Grandma Strege was a seamstress. Her claim to fame was that she got to sew the jerseys of the Marquette basketball team during Al McGwire’s hey day. She lived through the dust bowl years in Kansas. During the worst of it, the family would close all the doors and windows at night before bed. And yet they would wake up in the morning and get out of bed only to see the outline of their body surrounded by the fine dust that came in even through those closed doors and windows.
She ended up in the tiny Wisconsin town of Theresa where she worked for Widmer’s cheese factory. To this day we buy Widmer’s delicious brick cheese in memory of Grandma. When Grandma Strege died last year, the Widmer’s showed up at her funeral. It was quite a tribute to her legacy that they would come to her funeral all those many years after she had worked there.
Grandma Strege lived through the worst of the depression, and became a strong, hard working woman whose priority was to see to it that he children were well-educated. It’s a legacy that lives on in our family. Thanks, Grandma. We miss you.
Grandma Eggebrecht was an entrepreneur, a secretary, and a check out clerk at the A&P. She helped her husband, my grandfather, run a coal business, and later, a liquor store. She did what she needed to do to see to it that the family had food on the table. And that wasn’t always an easy thing in a bad economy. But she worked…and she worked hard.
Christmas Eve was a magical time at Grandma Eggebrecht’s house. The whole place was decorated to the hilt. A whole set of choir boy candles sat on the table inside the door. Presents were scattered under the tree. Since there was one boy and two girl cousins on each side, we all got identical gifts to the opposite cousin. And Grandma’s humor always kept everyone laughing.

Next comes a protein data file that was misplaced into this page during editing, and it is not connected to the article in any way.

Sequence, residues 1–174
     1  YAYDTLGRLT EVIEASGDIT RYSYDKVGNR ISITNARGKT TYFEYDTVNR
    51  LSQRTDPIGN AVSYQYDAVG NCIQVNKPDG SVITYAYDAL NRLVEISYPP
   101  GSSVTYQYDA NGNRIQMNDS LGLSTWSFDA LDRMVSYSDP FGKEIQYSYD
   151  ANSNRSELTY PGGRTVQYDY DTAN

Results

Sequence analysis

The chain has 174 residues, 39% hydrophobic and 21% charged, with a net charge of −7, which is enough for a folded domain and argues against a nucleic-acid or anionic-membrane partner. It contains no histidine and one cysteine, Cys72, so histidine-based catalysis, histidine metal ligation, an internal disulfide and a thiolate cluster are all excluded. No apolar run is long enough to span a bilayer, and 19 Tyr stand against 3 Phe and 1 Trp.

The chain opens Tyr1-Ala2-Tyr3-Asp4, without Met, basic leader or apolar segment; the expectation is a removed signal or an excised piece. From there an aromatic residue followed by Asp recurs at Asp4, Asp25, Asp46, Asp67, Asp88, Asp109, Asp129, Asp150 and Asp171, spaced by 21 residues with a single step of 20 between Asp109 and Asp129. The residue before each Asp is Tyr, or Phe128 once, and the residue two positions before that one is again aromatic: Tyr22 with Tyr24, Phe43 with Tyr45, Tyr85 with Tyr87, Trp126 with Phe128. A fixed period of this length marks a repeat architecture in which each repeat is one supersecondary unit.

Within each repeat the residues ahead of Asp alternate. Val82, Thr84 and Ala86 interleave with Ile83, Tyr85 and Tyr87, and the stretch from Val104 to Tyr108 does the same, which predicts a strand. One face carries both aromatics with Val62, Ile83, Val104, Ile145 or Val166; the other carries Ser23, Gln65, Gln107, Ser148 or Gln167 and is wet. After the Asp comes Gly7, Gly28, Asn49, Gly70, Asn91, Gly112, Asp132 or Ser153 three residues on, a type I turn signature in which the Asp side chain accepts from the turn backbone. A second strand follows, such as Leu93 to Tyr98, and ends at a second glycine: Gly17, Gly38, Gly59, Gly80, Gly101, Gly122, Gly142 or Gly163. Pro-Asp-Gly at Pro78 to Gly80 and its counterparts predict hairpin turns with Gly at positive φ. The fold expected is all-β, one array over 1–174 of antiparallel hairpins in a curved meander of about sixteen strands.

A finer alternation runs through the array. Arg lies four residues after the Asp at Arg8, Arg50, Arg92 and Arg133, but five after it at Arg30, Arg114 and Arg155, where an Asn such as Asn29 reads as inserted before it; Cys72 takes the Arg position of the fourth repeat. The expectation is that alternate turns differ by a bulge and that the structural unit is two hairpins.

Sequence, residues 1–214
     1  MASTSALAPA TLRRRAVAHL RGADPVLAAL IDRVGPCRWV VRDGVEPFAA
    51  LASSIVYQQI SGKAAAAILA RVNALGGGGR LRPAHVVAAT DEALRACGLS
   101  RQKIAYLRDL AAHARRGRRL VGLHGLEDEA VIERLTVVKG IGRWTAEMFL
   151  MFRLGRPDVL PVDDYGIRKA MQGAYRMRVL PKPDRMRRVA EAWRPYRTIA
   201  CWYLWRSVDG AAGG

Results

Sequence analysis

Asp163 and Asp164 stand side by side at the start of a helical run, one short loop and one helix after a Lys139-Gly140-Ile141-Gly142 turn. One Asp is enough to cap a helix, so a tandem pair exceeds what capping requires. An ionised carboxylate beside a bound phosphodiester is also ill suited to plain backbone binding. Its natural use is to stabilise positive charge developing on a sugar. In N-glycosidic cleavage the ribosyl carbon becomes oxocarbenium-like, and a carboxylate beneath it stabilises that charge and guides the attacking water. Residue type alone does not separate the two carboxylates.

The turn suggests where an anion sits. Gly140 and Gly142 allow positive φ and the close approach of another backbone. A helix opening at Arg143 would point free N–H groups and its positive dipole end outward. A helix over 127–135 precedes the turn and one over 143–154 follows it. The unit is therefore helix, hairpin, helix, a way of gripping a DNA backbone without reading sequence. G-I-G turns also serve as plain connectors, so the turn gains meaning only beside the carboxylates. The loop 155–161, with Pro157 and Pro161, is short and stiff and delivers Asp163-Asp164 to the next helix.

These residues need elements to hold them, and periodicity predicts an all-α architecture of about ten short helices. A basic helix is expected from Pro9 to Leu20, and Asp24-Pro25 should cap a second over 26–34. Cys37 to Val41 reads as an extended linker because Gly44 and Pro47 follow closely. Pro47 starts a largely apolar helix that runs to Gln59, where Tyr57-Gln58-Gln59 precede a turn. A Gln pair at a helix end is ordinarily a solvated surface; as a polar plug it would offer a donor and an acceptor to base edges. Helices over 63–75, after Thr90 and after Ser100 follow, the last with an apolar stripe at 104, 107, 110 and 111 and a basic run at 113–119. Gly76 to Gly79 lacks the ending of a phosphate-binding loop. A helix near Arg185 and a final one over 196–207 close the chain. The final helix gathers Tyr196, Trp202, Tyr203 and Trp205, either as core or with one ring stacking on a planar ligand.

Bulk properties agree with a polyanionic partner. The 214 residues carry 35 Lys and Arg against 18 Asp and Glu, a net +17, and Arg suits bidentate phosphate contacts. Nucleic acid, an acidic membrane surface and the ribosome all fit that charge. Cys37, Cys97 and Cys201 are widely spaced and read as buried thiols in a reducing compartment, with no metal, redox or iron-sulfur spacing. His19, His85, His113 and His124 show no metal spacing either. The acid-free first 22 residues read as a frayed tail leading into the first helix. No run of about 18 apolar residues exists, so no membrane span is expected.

Now she’s 94-years-old, and still making everyone laugh. She lives in a nursing home, and people who visit her say that she’s an inspiration. She really is. Besides, I think our side of the family has been endowed with her “gift” for acting and entertaining. Thanks, Grandma. We love you.
My mom is a nurse. She retired a few years ago and is enjoying it immensely. She risked her own health and well-being to care for others for many years. I’ll never forget the time she came home from working at the Children’s Hospital emergency room, having been exposed to meningitis. I was worried. But she took medication to prevent getting the disease, and reassured me everything would be fine.
Mom worked hard and sacrificed her own time so that we could go to Lutheran schools and have nice things to wear. Mom has style, and always saw to it that we did, too. She must have cringed at some of the things I wore when I began buying my own clothes. Even though she was never able to look directly at me when I performed (she still doesn’t look at me when I preach…she’s just too nervous!) she was always there and always supportive. And one of my mom’s greatest characteristics is her generosity. I hope that I am, can be, and will be as generous as she is. Thanks, Mom. I love you.
My wife is a mom that any kid would love to have. I know our kids love having her for a mom. When they were little she played baseball with Ben, and dress up with Ashlyn. She nurtured and fostered their little imaginations. She read to them and sang with them. She encouraged them, and made it to every sporting event, concert, or play that she possibly could. She would always tell the kids, “I’m your biggest fan.” And there is no disputing that fact.
Being a pastor’s wife, she had to sit alone with them in church, which is no easy task. Her faith and faithfulness have been passed on to her children. They have become the people she prayed that they would be. Much of it is due to her modeling, caring, serving, and loving; literally putting them well before herself in most every aspect of life. Any husband would want a wife to be the kind of mother that Tammy is to her children.
Tammy is a teacher, and works hard each and every day so that our kids can get a great education. She wants them to be able to pursue their dreams; and that, in fact, is what they’re doing. Once again she sacrifices herself for the sake of our children and our family. Thanks, Tammy. I love you.
Happy Mother’s Day Grandma, Mom, and Tammy! I love you all.
What is your remembrance of or tribute to your grandmothers, mother, or wife?